The Dark Horses of 1994: ZAIRE / Darkness encroaches on Mobutu
Saturday 01 January 1994
In Zaire the writ of the government has never been strong away from the capital, Kinshasa, but now it has collapsed. It is a collapse not triggered by war but by bad government and the inability of the country's ruler to distinguish between his own security and satisfaction and the country's well-being. The President, Mobutu Sese Seko, now flies by helicopter from his floating palace moored on the Zaire River at Kinshasa to his palace in his home village, Gbadolite. There is nowhere else in the country for him to go but he still has most of the country's cash in private bank accounts abroad.
The southern province, whose secession caused the civil war in 1960, has declared independence again and reverted to its old name, Katanga. The eastern province is cut off from the capital and has the added problem of tens of thousands of hungry refugees from Sudan, Rwanda and Burundi. There are no tarred roads between one part of Zaire and another and many of the river boats, the standard method of transport on the river and its tributaries, have stopped.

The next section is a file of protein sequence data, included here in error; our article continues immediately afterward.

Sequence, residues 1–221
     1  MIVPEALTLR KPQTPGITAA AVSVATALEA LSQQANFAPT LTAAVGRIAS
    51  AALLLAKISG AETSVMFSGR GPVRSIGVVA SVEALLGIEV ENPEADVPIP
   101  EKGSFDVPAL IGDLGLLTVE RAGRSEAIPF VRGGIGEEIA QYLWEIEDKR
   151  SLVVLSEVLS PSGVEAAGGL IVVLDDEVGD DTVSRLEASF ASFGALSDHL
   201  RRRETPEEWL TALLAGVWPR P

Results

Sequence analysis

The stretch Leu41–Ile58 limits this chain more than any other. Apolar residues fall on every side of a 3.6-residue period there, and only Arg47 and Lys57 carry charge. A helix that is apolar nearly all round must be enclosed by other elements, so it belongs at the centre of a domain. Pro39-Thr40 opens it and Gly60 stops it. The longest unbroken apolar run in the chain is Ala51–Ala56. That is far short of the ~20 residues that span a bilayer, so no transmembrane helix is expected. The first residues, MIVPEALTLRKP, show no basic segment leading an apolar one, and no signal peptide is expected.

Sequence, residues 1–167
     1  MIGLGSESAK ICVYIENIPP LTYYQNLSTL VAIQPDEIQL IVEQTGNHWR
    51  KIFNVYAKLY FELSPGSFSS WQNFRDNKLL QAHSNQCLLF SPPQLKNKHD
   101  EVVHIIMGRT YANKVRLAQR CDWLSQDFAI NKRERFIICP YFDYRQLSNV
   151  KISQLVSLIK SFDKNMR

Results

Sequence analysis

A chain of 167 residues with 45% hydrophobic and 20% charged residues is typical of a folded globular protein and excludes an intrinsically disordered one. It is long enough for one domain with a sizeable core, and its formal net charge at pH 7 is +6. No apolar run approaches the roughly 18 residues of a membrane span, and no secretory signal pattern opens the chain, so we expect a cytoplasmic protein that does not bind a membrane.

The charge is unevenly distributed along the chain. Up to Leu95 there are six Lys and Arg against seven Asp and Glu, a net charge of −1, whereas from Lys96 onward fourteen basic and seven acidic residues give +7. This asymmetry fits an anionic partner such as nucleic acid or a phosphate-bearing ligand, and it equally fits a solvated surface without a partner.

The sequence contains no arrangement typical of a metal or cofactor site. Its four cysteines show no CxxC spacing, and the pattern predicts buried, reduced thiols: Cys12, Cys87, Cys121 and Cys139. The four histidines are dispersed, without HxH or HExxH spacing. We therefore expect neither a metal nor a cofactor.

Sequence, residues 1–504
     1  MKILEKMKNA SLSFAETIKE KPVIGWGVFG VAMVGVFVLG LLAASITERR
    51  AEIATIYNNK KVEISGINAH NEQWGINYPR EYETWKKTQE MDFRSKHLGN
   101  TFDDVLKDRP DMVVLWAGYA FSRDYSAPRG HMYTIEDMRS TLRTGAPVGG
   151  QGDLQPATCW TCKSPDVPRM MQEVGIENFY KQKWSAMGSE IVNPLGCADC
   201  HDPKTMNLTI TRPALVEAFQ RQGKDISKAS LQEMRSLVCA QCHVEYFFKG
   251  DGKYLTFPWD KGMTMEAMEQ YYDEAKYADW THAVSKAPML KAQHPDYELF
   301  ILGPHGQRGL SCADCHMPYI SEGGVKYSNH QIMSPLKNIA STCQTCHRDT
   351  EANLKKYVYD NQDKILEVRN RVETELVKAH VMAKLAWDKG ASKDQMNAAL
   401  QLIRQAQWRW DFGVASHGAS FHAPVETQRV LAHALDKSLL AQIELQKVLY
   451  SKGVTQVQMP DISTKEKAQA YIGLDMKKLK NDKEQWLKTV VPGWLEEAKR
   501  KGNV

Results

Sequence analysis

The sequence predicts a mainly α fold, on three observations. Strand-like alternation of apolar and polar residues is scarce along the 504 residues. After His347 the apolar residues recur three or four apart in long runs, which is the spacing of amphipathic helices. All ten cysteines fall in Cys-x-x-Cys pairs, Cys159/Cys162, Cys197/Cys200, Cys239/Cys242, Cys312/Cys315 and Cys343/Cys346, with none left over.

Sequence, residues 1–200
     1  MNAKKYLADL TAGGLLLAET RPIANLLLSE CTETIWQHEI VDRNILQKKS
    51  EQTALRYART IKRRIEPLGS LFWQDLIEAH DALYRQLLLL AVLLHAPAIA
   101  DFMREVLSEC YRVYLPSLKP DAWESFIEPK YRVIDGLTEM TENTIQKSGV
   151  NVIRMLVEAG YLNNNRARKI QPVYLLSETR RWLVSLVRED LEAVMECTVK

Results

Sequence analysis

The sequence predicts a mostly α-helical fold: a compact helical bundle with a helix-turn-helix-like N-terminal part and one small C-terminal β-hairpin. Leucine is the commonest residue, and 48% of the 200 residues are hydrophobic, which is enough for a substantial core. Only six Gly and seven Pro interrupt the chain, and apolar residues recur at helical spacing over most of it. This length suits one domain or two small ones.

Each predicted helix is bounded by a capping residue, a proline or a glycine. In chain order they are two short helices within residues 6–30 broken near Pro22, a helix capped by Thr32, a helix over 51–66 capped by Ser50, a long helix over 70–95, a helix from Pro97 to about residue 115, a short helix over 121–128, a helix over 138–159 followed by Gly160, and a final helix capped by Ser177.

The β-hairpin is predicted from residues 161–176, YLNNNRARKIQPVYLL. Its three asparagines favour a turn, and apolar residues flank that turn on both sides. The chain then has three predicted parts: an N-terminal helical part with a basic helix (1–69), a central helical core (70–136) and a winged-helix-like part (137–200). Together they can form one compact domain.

Civil war rages in Angola and arms and ammunition move across the border as if it did not exist. There is instability in Congo, war in Sudan, collapse in Burundi and instability in Rwanda.
The country has two governments, that of Etienne Tshisekedi wa Malumba, elected Prime Minister but sacked by President Mobutu in February, and that of Faustin Birindwa, appointed in March. Mr Tshisekedi's government is popular but has no power. It is known as the 'green government' because it now meets under the trees. The chances of a unified government coming back on track and preparing for peaceful, fair and free elections are zero.
Western donors have cut off aid to put pressure on Mr Mobutu. The sanctions have not hurt him at all but helped bring the country to a standstill. The US and France withdrew support from the president last year but when he did not fall, were forced to re-enter dialogue with him. A new currency introduced in October is already worth a thirtieth of its value and it is still falling. Last week fuel prices rose by 500 per cent. The price of fuel affects all commerce in Africa and in particular the price of food in towns. Unlike starving peasant farmers, hungry and angry townspeople are capable of changing governments and 1994 could see the end of Mr Mobutu.
But his departure will not bring a stable peaceful government reunifying the country. There is little sign of a nationally respected leader or party capable of pulling the country together. The aftermath will be bloody and protracted.
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